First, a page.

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More than Luck: A couple creates a charitable remainder trust to benefit their family and Massey

Nov 29, 2021

Dr. Richard Luck

Donor Spotlight: Giving thanks on Giving Tuesday

One team. One fight. One day of giving.

On GivingTuesday, Massey sat down with Richard “Dick” Luck, Ed.D. (M.S.’68/HP) and his wife, Dudley, to talk about their motivations for giving to Massey and the benefits of establishing a charitable remainder trust to support cancer research.

For Richard “Dick” Luck, Ed.D. (M.S.’68/HP) and his wife, Dudley, building VCU Massey Cancer Center into their estate planning was an easy way to give back to the institution where Dick spent most of his career and that saved his life. Curing cancer takes more than luck. They know that it requires a strong vision and generous philanthropic investment.

In 2019, Dick, who is associate professor emeritus in the Department of Rehabilitation Counseling at the VCU College of Health Professions, was diagnosed with colon cancer, following a routine colonoscopy. At the time, the Lucks were preparing for a trans-Atlantic trip on the Queen Mary 2 with friends. Instead, Dick found himself on a cancer journey that would include laparoscopic surgery, and following a second opinion, treatment and chemotherapy at Massey, where he was treated by Khalid Matin, M.D., hematologist-oncologist and interim chair of the Division of Hematology, Oncology and Palliative Care at Massey.

Matin clearly means a lot to Dick, who displays obvious emotion and gratitude at just the mention of his name. “Dr. Matin was fantastic," Dick said. "He showed me studies about the treatment I was going to get and all of the certificates and everything, so I was very well informed about my options and felt comfortable.”

"I have a husband because of Massey,” says Dudley Luck, Dick’s wife and a two-time cancer survivor herself. “And, that’s a pretty big thing."

It’s a pretty big thing too, they say, to have a nationally recognized cancer center in their backyard.

As a National Cancer Institute (NCI)-designated cancer center, Massey is in the top 4% of cancer centers in the U.S. and a leader in the national fight against cancer. In February 2021, the first lady Jill Biden, Ed.D., visited Massey in her first public appearance outside the White House.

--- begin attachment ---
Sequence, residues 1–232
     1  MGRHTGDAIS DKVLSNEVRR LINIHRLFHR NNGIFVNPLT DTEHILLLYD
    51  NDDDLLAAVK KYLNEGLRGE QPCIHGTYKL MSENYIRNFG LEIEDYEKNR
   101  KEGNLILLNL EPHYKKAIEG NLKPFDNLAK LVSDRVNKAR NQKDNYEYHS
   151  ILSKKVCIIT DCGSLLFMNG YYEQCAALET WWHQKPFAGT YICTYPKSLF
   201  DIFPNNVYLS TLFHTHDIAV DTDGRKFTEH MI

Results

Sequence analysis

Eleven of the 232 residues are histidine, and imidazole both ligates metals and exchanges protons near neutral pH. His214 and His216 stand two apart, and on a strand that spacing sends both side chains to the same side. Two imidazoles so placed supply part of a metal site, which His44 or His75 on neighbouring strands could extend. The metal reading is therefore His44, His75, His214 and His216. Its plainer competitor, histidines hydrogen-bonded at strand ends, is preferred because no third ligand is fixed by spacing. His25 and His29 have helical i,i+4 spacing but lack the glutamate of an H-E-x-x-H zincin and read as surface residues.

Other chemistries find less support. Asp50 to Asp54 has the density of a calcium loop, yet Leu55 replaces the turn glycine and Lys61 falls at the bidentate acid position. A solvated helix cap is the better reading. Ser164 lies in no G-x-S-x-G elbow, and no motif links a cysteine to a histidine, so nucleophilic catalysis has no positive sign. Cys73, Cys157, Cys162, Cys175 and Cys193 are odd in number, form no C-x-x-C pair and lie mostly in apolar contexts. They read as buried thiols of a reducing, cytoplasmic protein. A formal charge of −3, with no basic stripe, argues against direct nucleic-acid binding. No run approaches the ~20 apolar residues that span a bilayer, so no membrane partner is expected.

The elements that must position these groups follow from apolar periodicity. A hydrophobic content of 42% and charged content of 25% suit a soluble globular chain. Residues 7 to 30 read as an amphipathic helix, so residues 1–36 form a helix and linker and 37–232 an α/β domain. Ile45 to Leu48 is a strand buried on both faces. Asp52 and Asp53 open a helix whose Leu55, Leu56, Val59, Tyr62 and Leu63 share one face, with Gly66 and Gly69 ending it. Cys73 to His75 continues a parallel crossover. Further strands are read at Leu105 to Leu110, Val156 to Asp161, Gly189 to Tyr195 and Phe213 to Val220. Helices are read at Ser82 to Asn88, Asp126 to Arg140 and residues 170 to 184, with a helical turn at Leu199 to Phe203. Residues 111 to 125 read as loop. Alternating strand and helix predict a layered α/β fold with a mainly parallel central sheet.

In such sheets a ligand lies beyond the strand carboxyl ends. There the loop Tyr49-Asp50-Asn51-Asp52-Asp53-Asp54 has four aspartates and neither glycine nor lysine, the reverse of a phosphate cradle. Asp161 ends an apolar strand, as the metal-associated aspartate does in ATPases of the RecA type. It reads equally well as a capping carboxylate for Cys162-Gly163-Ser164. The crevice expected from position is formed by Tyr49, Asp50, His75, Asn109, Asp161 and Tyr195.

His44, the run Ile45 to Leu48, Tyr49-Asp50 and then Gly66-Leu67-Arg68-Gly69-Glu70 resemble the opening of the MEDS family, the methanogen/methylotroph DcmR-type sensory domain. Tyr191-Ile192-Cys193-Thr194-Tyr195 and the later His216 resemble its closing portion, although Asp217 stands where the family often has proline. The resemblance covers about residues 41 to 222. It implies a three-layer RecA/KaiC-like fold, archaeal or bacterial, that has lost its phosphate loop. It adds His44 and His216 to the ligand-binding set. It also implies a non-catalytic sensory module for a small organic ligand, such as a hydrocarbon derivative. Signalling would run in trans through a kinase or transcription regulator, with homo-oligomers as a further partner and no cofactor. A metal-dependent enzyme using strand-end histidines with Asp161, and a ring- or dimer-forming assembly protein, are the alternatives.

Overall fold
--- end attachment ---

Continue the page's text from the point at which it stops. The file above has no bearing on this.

Creating a charitable remainder trust

Dick and Dudley Luck feel fortunate to have a place like Massey in Richmond. But they are doing more than being grateful. 

In 2020, the Lucks joined an increasing number of Massey donors who have built  the center into their estate planning by adding Massey as a beneficiary to a charitable remainder trust.  They own real estate and wanted flexibility in their estate planning that would support their own retirement, including their love for travel, while also allowing them to support both their family members and charitable causes near and dear to their hearts.

“Dudley and I had already established a charitable remainder trust in our estate planning,” Dick says. “Our trust has two parts: it has a family share and a community share. It was easy enough for us to add Massey to the charitable remainder trust, and that’s what we did.”

Charitable remainder trusts are estate planning vehicles that are funded with cash, securities, real estate or other appreciated property and managed by a trustee of the contributor’s choosing. They provide a lifetime income stream for the donor, as a fixed amount (annuity trust) or as a percentage of the value of the trust (unitrust), with the accumulated principal or “remainder interest” gifted to the designated charity at the time of death.

Early involvement in a lasting legacy

Luck’s affiliation with the cancer center extends back to its earliest years. In 1976, Massey’s founding director, Walter Lawrence Jr., M.D., invited Dick to represent the VCU Department of Rehabilitation Counseling on an advisory council working on exploratory and preliminary grants.  “It was [part of] a desire to consolidate things and to make [Massey] a major center, not just a local or regional hospital or academic hospital, but to have a national presence,” Dick said. “And, that’s what they did.”

Lawrence passed away on November 9, but is remembered as Massey’s first visionary leader and for being ahead of his time in promoting equality and equity (as highlighted in this memorial story and video).

“I remember Dr. Lawrence not only as a wonderful physician and tenacious researcher but as a genuinely personable, kind and caring individual,” Dick says. “I recall frequently having lunch in the Campus Room on the MCV campus, and often Dr. Lawrence would come in. I swear, he would stop to speak and visit with almost everyone in that crowded cafeteria, and I worried that he would ever get anything to eat.”